We'd like to see Wandsworth Council address main road routes nearby so there's safe space for cyclists of all abilities.
I live locally to Tooting Bec Common and use it as a pedestrian, runner and cyclist and I think the demarcated cycling "half" and pedestrian "half" are a bad idea.
The marked off area creates an inflated sense of entitlement amongst cyclists and seems to encourage excessive speed on what is actually quite a busy pedestrian path.
Pedestrians do not tend to stick to their side of the path as it is not wide enough to walk more than two abreast, so if you are out for a family stroll across the common, or want to overtake a slower walker ahead of you or just meet someone coming the other way you have to encroach onto the cycling part of the path - much to the ire of any impatient cyclists.
There is also a very strange section as the path goes under the railway bridge where for a reason I don't know the cycling side of the path and the pedestrian side of the path mysteriously and confusingly swap sides!
I think demarcation would encourage more considerate cycling at lower speed, giving pedestrians right of way at all times and would reduce conflicts based on any misplaced sense of entitlement or legitimacy.
With regard to the cost. Does anybody know if it really costs £82,000 to remove the segregation, or is it that the paths are due to be resurfaced at a cost of £82,000 and a decision has been made not to repaint the cycling markings?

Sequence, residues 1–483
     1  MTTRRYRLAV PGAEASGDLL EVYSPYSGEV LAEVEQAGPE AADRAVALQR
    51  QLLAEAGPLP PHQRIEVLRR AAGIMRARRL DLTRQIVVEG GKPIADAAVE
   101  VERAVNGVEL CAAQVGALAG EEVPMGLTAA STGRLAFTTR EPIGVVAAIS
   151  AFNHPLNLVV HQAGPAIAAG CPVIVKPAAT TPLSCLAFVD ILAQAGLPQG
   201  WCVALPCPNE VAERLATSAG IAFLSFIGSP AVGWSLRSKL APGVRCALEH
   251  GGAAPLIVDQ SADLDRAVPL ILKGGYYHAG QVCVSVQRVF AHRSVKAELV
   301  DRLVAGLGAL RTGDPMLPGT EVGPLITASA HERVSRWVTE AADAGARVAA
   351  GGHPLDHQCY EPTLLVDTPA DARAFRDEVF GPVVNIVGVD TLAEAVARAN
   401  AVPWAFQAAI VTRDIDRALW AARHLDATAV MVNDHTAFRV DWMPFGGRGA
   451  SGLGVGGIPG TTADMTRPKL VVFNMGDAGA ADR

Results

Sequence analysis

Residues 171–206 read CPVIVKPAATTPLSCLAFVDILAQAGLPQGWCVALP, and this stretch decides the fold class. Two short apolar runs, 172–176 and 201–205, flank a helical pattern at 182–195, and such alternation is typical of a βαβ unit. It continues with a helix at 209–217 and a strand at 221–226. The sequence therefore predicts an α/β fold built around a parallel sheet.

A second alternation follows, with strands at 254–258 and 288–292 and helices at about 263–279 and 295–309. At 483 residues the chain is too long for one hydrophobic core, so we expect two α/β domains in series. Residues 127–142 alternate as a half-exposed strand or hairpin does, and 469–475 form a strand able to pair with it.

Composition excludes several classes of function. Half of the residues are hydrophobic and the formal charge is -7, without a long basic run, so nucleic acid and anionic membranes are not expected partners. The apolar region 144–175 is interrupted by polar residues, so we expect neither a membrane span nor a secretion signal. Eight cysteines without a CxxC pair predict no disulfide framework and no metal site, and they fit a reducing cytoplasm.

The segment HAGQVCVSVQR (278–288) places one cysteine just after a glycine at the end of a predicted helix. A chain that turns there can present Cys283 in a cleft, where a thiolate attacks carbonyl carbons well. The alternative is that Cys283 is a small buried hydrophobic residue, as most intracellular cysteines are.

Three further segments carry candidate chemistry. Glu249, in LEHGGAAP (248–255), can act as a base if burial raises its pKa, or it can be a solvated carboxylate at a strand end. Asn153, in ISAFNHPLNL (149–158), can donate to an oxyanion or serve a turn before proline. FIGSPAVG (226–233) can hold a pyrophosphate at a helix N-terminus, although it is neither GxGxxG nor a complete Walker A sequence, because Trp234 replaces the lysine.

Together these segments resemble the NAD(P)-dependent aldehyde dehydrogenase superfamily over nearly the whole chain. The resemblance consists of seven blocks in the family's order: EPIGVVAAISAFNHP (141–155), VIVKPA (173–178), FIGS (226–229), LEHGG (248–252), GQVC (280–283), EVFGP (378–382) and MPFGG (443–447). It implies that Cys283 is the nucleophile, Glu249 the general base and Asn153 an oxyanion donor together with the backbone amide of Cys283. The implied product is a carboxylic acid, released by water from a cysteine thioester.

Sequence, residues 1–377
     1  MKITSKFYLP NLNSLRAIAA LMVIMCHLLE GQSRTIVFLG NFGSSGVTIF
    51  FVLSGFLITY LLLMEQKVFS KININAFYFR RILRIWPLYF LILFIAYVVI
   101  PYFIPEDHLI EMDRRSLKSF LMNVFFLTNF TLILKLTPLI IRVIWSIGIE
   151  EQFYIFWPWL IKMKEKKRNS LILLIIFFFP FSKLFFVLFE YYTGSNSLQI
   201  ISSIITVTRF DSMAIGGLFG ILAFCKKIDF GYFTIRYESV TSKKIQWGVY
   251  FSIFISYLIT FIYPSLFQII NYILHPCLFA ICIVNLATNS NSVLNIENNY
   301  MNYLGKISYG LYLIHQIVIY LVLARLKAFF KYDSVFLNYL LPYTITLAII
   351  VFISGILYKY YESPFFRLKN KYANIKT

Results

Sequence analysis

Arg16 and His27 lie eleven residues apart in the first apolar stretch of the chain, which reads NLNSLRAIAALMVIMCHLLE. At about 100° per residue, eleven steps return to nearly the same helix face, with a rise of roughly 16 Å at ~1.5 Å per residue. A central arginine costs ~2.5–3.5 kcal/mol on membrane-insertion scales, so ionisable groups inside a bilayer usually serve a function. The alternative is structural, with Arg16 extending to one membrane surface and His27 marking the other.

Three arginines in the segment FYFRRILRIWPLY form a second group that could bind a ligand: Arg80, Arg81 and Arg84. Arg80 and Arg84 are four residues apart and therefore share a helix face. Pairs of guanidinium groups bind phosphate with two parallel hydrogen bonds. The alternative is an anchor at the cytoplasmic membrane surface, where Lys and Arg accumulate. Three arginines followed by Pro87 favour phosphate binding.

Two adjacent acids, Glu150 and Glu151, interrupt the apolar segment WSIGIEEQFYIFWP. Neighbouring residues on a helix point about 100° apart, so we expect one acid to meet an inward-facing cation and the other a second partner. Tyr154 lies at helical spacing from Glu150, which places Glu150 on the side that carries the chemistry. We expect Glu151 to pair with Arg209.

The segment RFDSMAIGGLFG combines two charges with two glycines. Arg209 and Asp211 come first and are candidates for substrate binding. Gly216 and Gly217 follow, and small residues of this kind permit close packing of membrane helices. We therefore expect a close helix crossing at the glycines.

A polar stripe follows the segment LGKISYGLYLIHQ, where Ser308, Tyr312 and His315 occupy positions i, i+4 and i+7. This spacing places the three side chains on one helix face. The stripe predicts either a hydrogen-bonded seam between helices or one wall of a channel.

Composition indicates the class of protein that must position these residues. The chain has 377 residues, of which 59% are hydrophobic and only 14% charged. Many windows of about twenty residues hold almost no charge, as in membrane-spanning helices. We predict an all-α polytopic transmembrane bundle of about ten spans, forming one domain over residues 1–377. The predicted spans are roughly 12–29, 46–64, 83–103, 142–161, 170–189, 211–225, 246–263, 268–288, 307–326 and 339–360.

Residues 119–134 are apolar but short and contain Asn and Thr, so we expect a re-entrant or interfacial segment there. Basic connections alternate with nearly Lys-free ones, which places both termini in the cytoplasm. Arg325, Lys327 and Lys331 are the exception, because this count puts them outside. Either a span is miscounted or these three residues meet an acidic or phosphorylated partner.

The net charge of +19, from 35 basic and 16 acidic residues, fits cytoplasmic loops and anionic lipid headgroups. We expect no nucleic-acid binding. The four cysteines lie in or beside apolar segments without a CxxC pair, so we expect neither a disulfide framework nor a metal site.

If the cycling segregation is to go then I hope some signage is introduced to make it clear that considerate cycling is permitted on the relevant paths otherwise we will have cyclists who are not causing any problems or danger being confronted by angry pedestrians saying "you shouldn't be on here, it's not a cycle path".
Of course there are some cyclists who ride like idiots. Does anyone in their right mind think that removing the line will slow them down?!? Of course it won't - they will still ride too fast but without a line they will whizz past other users on whichever side they choose and without warning!!
At the same time there are silly pedestrians out there who are oblivious to which side is which but this can be partly attributed to the degraded markings.
Shall we mention inconsiderate dog walkers? Who allow their dogs off their lead on the only cycle provision the common has. How selfish. They have dozens of path with no cyclists AT ALL but they still choose a busy cycle route to parade their untethered mutts.
This money could be saved and spent much more wisely and to my mind with the same effect...
We could organise work parties to repair the surface and repaint the markings. How about swapping the sides between Balham Hill and the bridge so that the cyclists and pedestrians don’t have to cross over? How about policing the speed limits? Or introducing measures to inform cyclists of the need to slow down a bit? Or installing some speed reduction measures? Or how about considering just about any proposal from the Meyer Brown report (there were MANY!) instead of focussing on this line.